When it comes to the new health care law, the question on Drew Calloway's mind is: What about me?
The Dumfries, Va., resident thinks the annual premium he pays for his family to be on his employer's health insurance is "abnormally high." He wonders whether he's eligible to buy a new plan through the exchanges set up under the Affordable Care Act.
There's no easy answer for Calloway, who works in the information technology field. Due to what the Kaiser Family Foundation's Karen Pollitz calls a "drafting error," the law only addresses people with self-only plans with annual premiums that exceed 9.5% of their modified adjusted gross income - not those with family plans. This would rule out most employees other than minimum wage workers.
This kind of convolution is keeping information providers known as navigators and call-center employees hopping. They are rushing to familiarize themselves with the law's nuances so they can guide consumers through the process.
The hotly contested health care reform measure may not help Calloway, but it will make insurance affordable to millions of other Americans who otherwise couldn't pay for it. The uninsured will have a choice of plans available through exchanges run by their states or the federal government (or both in states where the exchanges are operated jointly). Here's a look at who is running each state's exchange.
Enrollment begins Oct. 1. Everyone who isn't currently enrolled in a private insurance plan or Medicaid must sign up or face penalties.
It can be hard to see the substance through all the ongoing mudslinging over the law. Here are some of the key questions and answers to keep in mind:
Where do I start?
A: At HealthCare.gov. That's the federal government's portal for the health insurance marketplace, and it will help you find the exchange for your state. You answer questions, plug in your state, and your exchange will tell you whether you can buy insurance this way and if subsidies or tax credits are available. More complicated scenarios can be discussed with call-center employees at the federal exchange, 800-318-2596.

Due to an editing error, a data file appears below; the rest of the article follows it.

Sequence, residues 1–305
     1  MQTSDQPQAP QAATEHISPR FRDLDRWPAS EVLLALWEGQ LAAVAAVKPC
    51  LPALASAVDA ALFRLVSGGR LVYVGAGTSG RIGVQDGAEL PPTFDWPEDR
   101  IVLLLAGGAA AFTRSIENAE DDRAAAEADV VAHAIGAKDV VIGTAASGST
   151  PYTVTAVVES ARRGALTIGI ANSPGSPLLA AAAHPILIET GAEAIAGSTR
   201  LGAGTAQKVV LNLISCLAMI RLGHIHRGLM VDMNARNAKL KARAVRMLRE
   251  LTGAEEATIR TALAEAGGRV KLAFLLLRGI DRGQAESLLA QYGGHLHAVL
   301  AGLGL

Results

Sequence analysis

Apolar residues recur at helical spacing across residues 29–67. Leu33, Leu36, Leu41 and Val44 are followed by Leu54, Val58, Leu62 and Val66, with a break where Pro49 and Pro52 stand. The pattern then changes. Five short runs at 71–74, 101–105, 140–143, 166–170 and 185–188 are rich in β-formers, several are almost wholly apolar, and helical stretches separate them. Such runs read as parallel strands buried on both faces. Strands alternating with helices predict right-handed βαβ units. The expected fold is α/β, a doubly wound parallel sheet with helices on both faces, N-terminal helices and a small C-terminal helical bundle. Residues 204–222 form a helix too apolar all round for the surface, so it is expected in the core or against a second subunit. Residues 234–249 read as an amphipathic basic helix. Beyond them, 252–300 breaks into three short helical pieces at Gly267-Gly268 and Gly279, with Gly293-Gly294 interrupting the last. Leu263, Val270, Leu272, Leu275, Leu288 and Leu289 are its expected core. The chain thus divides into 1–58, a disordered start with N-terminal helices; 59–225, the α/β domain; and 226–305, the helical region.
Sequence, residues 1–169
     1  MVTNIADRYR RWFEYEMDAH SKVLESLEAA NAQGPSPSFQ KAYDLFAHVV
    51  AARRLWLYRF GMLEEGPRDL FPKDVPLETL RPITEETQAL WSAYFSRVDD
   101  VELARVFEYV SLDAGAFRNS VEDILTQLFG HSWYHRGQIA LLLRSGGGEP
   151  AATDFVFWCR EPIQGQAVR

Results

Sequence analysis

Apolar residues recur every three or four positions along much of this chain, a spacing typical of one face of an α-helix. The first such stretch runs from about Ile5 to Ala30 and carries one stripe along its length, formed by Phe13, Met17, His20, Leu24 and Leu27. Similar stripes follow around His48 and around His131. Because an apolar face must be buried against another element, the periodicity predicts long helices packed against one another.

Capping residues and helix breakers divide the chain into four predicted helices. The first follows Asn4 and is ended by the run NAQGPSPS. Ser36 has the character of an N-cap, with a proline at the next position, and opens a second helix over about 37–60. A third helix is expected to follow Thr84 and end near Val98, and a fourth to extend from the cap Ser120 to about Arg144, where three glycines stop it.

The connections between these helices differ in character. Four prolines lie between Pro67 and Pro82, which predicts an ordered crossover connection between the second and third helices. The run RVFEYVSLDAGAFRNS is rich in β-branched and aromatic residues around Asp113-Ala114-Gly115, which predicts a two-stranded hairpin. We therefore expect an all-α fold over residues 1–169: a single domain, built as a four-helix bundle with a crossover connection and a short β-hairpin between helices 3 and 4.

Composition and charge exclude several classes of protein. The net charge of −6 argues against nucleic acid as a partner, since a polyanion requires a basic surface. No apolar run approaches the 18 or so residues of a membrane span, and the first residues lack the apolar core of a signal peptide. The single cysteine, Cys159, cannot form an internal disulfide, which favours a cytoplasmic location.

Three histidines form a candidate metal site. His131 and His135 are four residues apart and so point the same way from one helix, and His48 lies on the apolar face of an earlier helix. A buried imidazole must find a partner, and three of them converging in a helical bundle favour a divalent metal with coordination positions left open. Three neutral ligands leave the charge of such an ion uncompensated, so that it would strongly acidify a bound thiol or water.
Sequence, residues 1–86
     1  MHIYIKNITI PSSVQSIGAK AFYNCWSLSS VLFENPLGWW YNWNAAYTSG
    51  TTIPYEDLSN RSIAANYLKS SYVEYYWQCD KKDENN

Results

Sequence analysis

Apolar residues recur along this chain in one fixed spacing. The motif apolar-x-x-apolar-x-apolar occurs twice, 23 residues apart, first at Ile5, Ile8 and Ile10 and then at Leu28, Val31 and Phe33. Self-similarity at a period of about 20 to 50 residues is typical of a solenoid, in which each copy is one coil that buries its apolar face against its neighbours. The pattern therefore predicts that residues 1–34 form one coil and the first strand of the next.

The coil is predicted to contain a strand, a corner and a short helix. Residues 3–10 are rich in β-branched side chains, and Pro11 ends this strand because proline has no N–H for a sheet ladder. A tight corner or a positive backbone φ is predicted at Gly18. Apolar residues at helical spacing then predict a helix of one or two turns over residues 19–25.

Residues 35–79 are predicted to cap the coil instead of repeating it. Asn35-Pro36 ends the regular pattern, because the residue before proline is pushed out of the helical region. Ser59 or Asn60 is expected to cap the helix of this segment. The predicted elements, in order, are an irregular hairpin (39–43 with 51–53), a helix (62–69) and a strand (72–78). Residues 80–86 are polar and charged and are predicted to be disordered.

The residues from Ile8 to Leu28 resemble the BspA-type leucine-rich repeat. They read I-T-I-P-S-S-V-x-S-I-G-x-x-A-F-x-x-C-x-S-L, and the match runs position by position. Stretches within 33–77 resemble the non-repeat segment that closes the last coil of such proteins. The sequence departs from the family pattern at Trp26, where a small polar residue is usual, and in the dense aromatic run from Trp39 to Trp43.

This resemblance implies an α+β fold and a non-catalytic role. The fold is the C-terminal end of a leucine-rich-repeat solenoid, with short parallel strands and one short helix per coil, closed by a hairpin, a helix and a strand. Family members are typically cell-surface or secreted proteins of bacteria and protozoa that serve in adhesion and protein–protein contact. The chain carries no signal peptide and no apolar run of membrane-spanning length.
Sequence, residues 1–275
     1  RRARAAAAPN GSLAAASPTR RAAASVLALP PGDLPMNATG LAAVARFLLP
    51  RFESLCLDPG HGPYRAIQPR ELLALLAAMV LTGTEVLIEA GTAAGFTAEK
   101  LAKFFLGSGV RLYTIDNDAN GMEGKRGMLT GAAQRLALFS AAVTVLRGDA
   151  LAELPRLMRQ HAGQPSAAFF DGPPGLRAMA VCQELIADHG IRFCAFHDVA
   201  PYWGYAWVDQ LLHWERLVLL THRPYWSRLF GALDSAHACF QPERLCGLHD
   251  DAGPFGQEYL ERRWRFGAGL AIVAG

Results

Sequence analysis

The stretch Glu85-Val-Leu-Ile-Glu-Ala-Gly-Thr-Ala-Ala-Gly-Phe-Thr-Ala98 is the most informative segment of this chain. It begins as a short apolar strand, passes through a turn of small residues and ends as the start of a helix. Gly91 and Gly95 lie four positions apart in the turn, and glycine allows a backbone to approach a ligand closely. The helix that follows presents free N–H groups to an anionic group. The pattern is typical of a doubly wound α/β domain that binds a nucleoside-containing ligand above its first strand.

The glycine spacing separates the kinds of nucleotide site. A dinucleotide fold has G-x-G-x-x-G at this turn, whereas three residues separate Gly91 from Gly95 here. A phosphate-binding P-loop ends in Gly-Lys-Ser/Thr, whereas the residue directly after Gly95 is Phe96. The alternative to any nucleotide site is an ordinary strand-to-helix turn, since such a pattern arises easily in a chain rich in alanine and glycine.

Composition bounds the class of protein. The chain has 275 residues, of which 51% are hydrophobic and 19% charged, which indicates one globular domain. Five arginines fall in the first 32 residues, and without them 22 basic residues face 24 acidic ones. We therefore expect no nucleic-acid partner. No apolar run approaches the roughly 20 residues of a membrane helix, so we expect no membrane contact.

What am I shopping for?
A: Exchanges will offer a selection of plans that are classified as bronze, silver, gold and platinum, representing the different levels of cost-sharing between insurers and consumers. Bronze plans have the highest deductibles; cost-sharing and platinum plans have the lowest. All insurers participating in an exchange have to offer at least the silver and the gold levels, but most will also offer bronze and possibly platinum plans, Pollitz says. Midlevel silver plans will tend to have deductibles of about $2,000 a year before coverage kicks in.
What's my deadline?
A: The new state-by-state health insurance marketplaces, or "exchanges," will begin enrolling customers Oct. 1. Coverage begins Jan. 1 for those who sign up by Dec. 15. Pollitz, a senior fellow at the Kaiser Family Foundation, advises consumers to begin looking into their options soon after the Oct. 1 enrollment kickoff, but notes that with six months to decide, there's no need to fret - yet. "There's time to go slow, absorb and really understand it," she says.
What happens if I don't sign up?
A: Beginning in 2015 for the 2014 tax year, those who don't have any health insurance (or Medicaid) will be subject to a $95-a-year penalty on their taxes, or 1% of income, whichever is greater. The amount of the penalty will gradually increase each year until you sign up.
How much money will I save?
A: It depends, but most uninsured Americans will be eligible for some form of financial help either through tax credits or increased access to Medicaid. The level and availability of low-cost or free coverage such as Medicaid is based on a state-by-state calculation of where your household income is in relation to the Federal Poverty Level. The Kaiser Family Foundation has a subsidy calculator that will tell you the amount of money available to you or your family. If your income is less than 250% of poverty, you may also qualify for cost-sharing subsidies, which would reduce deductibles and co-pays. These are only available with silver plans.
How do I get the money?
A: The tax credits can be sent directly to your insurer to offset your premiums or you can claim them in a lump sum when you file your taxes.
What if I've been denied coverage before?
A: Worry not. Those whose health problems kept them from getting insurance in the past may benefit the most. Studies show one in every two Americans has what could be characterized as a "pre-existing condition." If you have anything from arthritis to cancer or are simply obese, insurers can no longer deny you coverage.
Who's most affected:
1) Those whose employers don't offer insurance.
2) Some who can't afford their employer's coverage.
3) Those who are between jobs.
4) Those whose health problems kept them from getting insurance.
5) The self-employed.